From 2000 to 2016, it was the best of times and the worst of times for Silicon Valley -- and John Hennessy, as president of Stanford University during that time, was a key player in the Valley's ecosystem. Hennessy is joined by a16z's Marc Andreessen and Martin Casado to discuss going from academia to startups, leadership, and more.
In this episode from December 2018, Hennessy, currently the chairman of Alphabet as well as Turing Award-winning computer scientist, joins a16z co-founder Marc Andreessen, a16z general partner Martin Casado, and host Sonal Choksi for a wide-ranging conversation about moving from academia to startups, the history of Silicon Valley, the “Stanford model”, how to build enduring organizations, and more.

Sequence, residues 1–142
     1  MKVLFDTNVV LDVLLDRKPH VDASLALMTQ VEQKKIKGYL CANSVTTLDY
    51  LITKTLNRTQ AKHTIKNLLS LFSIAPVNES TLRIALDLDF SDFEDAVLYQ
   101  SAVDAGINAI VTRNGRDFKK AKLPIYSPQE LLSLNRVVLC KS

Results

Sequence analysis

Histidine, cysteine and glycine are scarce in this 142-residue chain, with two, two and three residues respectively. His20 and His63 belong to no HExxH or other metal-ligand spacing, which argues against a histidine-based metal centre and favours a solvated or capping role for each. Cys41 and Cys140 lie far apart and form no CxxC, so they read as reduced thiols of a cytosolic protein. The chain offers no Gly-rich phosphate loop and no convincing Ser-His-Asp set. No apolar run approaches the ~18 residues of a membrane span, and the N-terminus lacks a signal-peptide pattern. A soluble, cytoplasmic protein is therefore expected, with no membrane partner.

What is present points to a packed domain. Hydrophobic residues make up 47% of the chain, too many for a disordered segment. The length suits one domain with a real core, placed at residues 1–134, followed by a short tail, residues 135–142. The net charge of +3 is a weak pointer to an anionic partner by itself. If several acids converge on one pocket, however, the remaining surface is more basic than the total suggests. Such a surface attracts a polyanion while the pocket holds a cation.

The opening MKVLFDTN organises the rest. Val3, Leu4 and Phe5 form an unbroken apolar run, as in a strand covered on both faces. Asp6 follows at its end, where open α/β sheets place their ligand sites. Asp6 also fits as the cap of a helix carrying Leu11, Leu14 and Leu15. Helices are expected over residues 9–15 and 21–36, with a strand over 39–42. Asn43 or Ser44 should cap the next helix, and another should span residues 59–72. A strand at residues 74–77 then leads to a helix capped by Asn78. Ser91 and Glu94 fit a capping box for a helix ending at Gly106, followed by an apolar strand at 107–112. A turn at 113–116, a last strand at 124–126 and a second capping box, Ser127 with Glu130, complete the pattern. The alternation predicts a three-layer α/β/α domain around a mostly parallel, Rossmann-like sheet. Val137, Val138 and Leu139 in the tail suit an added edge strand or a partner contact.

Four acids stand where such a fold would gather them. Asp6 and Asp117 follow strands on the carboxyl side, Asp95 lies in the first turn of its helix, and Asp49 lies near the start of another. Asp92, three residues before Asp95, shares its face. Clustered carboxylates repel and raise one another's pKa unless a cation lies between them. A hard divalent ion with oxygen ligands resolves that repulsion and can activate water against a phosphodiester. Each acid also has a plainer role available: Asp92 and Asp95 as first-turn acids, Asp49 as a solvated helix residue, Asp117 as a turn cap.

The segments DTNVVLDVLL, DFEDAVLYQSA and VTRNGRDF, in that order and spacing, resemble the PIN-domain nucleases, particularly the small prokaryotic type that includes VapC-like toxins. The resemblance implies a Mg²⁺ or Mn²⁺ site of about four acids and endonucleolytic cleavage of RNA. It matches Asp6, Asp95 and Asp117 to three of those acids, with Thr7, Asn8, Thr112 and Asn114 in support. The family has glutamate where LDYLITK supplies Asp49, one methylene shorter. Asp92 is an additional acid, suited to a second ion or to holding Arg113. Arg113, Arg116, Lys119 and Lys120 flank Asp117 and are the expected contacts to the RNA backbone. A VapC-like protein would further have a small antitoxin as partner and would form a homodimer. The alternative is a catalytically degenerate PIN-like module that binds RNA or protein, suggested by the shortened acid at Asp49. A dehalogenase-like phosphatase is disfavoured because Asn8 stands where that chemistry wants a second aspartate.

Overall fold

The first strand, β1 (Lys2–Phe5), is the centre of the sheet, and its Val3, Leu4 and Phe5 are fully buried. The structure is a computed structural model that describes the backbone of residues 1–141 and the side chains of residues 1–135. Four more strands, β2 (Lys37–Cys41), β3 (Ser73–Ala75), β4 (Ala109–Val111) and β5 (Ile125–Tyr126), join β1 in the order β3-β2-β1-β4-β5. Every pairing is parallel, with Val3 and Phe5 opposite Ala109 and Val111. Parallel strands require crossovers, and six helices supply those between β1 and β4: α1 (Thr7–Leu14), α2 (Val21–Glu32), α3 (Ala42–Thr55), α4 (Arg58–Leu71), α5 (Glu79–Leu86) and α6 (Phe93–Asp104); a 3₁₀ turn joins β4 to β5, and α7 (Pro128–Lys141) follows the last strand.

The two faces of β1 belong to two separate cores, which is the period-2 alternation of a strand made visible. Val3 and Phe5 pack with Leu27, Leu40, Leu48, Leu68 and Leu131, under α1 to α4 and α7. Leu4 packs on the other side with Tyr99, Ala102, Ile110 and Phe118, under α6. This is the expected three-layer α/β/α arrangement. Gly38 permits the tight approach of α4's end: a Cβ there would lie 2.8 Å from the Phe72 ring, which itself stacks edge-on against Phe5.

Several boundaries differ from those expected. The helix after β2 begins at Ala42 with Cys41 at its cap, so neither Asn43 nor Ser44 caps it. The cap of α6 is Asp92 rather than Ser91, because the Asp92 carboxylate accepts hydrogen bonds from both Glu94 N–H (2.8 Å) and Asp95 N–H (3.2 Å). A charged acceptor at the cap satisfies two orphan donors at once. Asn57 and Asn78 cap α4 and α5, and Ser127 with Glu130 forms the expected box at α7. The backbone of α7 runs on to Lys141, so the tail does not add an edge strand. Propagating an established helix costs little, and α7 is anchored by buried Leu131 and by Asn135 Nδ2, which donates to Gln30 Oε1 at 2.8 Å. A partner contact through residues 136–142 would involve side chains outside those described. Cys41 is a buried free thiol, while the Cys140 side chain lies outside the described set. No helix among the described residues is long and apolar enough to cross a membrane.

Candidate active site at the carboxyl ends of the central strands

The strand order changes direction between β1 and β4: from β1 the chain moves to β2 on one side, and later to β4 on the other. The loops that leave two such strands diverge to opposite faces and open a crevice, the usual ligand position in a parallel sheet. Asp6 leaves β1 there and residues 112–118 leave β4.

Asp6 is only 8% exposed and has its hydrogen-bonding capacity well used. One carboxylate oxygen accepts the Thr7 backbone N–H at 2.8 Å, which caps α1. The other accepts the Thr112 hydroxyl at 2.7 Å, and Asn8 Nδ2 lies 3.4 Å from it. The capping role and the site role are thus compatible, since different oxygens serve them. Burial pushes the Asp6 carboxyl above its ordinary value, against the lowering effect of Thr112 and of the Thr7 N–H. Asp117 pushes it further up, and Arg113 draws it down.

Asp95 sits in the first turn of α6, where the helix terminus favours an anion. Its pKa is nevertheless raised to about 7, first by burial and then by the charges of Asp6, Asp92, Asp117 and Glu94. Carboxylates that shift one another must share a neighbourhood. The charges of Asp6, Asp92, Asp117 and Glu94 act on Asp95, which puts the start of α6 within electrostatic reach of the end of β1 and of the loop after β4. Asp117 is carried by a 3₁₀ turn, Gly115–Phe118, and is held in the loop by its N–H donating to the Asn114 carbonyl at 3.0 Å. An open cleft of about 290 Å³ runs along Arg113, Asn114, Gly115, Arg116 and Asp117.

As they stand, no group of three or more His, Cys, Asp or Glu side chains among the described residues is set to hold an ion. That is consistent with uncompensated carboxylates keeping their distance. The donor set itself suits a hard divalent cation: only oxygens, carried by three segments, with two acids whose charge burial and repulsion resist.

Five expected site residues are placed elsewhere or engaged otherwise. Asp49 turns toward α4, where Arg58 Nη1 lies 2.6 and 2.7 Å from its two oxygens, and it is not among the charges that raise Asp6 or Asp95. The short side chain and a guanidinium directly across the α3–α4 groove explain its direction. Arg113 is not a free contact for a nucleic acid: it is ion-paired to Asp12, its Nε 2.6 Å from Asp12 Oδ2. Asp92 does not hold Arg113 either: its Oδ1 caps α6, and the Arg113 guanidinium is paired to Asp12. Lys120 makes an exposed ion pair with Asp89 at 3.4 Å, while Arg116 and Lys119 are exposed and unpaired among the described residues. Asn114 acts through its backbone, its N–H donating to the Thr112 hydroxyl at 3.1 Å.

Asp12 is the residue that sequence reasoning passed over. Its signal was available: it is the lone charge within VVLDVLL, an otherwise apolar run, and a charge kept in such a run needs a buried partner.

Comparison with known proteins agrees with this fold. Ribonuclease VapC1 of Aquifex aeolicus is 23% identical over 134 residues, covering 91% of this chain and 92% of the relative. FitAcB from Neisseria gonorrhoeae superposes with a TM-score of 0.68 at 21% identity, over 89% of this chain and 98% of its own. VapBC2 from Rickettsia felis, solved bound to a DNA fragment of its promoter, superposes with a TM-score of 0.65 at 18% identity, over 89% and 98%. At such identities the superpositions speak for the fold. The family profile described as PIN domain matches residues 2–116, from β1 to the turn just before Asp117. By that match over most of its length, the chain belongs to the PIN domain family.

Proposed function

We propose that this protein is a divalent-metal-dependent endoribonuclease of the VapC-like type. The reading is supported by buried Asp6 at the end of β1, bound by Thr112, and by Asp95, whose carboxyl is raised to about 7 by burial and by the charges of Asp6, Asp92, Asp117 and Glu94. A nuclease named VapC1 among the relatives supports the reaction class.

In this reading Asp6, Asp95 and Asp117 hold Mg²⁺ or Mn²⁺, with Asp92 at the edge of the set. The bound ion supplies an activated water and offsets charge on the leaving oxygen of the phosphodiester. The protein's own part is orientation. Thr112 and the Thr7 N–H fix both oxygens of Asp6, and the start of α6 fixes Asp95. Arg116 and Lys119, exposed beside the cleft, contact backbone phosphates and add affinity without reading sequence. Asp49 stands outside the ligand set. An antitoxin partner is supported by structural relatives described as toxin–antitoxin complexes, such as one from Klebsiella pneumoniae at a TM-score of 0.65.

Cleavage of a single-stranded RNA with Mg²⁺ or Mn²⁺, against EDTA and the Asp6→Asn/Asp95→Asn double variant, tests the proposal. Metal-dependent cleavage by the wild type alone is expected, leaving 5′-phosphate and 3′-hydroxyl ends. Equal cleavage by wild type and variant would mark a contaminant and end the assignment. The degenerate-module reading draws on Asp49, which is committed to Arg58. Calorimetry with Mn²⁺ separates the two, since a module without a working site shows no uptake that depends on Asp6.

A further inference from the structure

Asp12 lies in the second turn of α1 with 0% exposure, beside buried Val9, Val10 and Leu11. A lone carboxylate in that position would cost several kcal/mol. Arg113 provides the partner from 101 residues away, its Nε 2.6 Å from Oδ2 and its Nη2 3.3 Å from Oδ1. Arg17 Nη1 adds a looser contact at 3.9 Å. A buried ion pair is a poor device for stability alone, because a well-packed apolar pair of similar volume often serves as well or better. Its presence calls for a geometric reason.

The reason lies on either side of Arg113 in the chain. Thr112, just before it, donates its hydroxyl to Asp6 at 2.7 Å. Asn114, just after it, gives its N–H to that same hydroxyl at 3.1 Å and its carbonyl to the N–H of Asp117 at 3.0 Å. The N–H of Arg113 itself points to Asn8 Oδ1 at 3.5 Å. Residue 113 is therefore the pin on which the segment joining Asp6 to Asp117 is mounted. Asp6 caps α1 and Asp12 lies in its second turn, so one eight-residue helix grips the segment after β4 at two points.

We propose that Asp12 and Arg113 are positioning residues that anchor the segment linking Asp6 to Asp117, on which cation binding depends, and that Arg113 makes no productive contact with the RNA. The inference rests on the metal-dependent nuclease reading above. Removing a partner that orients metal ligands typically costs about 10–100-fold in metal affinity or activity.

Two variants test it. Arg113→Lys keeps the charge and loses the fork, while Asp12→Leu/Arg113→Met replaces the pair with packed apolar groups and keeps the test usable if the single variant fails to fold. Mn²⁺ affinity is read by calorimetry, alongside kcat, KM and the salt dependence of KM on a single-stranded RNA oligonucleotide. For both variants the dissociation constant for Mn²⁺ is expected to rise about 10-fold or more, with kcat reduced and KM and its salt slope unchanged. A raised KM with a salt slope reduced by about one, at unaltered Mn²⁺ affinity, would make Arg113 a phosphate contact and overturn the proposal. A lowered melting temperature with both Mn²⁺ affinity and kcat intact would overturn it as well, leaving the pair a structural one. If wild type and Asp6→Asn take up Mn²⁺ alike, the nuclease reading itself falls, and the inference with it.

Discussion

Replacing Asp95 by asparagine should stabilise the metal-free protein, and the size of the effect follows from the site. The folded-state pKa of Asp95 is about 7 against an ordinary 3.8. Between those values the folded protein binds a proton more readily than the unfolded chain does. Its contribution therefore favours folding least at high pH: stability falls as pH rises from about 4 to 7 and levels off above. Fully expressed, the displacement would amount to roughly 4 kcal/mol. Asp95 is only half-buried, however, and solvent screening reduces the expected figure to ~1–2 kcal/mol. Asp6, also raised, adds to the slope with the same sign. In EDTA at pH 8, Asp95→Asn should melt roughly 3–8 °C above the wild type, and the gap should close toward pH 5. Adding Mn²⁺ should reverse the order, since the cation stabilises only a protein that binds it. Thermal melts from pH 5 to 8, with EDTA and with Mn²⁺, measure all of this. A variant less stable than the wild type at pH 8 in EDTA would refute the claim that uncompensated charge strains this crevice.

Hennessy also co-founded startups, including one based on pioneering microprocessor architecture used in 99% of devices today (for which he and his collaborator won the prestigious Turing Award)... so what did it take to go from research/idea to industry/implementation? And how has the overall relationship and "divide" between academia and industry shifted, especially as the tech industry itself has changed? Finally, in his book, Leading Matters, Hennessy shares some of the leadership principles he's learned, offering nuanced takes on topics like humility (needs ambition), empathy (without contravening fairness and reason), and others. What does it take to build not just tech, but a successful organization?